Mental Health and the UK Economy
1 Executive summary
A substantial number of people in the UK suffer from a mental health illness\u2026
In 2006 there were nearly one million recipients of Incapacity Benefit due to mental and
behavioural disorders. This is 40% of total Incapacity Benefit recipients. This is similar to the total
number of unemployment benefits claims in the UK.
The annual average growth rate for mental and behavioural disorders claims since 2000 is 5.4%.
This compares to 0.8% for overall Incapacity Benefit claims.
The government has an aspiration to reduce Incapacity Benefits recipients, in total, by one million
over the next ten years. This implies, on a pro rata basis, a reduction of 400,000 Incapacity
Benefit recipients due to mental and behavioural disorders.
\u2026affecting people in work as well as those out of work
The self-reported health related illness survey showed over ten million working days were lost due
to stress, depression and anxiety. This is most prevalent in professional occupations and the
Spending on mental health services has grown significantly in the last 5 years\u2026.
Investment in mental health was nearly \u00a35 billion in 2005/06 and the real average annual growth
rate since 2001/02 has been 5.8%.
\u2026but the growth has lagged that of overall health spending over this period
Whilst this level of growth is above that of total government spending it has lagged someway
behind overall health spending, and the growth rate fell back significantly in the last year
There are concerns that not all reported investment ends up being spent on mental health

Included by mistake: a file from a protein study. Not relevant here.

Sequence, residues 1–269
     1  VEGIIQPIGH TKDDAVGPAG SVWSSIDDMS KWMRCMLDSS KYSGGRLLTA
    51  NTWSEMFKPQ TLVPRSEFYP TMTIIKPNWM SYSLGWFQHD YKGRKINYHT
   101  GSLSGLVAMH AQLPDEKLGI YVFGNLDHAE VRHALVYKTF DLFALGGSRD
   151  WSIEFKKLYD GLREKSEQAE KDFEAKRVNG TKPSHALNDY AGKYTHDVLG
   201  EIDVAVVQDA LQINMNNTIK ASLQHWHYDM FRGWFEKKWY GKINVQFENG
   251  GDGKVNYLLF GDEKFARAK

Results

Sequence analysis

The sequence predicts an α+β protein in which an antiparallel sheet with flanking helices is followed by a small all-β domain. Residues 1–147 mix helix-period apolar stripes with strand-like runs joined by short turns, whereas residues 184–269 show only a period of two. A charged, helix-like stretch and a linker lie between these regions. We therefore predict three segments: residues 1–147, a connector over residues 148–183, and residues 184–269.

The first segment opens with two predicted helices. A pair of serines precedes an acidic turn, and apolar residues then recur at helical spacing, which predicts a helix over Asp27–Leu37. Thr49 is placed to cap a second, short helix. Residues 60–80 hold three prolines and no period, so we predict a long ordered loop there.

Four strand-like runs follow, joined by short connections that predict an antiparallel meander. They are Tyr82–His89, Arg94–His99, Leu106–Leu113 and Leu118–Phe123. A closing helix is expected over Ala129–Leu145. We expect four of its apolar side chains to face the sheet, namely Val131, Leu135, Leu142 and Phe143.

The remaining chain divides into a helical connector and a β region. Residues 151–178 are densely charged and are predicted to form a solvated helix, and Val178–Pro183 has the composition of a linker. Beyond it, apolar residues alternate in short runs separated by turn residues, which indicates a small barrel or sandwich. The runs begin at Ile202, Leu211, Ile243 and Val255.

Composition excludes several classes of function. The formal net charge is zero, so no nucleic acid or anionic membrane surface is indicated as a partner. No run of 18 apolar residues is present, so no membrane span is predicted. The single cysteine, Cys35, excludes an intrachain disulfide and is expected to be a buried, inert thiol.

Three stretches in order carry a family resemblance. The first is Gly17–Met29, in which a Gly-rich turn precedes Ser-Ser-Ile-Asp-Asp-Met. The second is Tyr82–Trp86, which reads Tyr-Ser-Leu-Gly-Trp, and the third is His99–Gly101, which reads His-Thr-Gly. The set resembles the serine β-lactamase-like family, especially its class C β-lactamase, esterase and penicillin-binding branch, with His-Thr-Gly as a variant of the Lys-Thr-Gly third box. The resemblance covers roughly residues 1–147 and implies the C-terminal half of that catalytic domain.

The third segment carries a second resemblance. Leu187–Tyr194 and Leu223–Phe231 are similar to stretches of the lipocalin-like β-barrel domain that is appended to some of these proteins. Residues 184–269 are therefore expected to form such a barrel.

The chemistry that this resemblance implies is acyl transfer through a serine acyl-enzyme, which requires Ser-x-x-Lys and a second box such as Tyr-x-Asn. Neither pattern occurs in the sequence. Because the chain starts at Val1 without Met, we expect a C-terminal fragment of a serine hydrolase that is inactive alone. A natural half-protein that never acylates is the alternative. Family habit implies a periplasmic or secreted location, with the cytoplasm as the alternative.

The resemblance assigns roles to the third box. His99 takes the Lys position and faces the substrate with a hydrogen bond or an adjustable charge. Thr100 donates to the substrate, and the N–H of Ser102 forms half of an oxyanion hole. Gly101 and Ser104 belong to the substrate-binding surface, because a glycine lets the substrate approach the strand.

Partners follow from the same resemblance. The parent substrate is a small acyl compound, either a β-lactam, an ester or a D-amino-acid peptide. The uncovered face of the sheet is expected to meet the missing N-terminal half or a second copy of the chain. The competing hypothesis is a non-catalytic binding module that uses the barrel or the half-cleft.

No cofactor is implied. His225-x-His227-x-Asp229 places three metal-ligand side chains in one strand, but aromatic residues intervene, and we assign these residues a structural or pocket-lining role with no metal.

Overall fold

services; the high number of no star mental health trusts has been attributed to funding
Studies demonstrate that people suffering from a mental health illness can be supported to
gain or retain employment\u2026
There are some evaluation studies that point to an improved labour market performance following
increases in spending to tackle mental health problems.
\u2026the cost of this support may not be substantial
Some of the factors that are important for successful job retention and return to work for people
with a mental health problem are not necessarily expensive.
Our own statistical research supports the view that the costs of helping someone with a common
mental health problem to gain or retain a job may be as low as \u00a32,500.
However, given the range of illnesses that can be described as a mental health related illness, the
cost of support will vary enormously between individual cases.
The benefits to both the economy and Exchequer from supporting someone with a mental
health illness to gain or retain a job are significant
The value from a single person working for a full year, rather than claiming benefits is nearly
\u00a320,000 for the Exchequer and over \u00a333,000 for the economy. Over an average persons working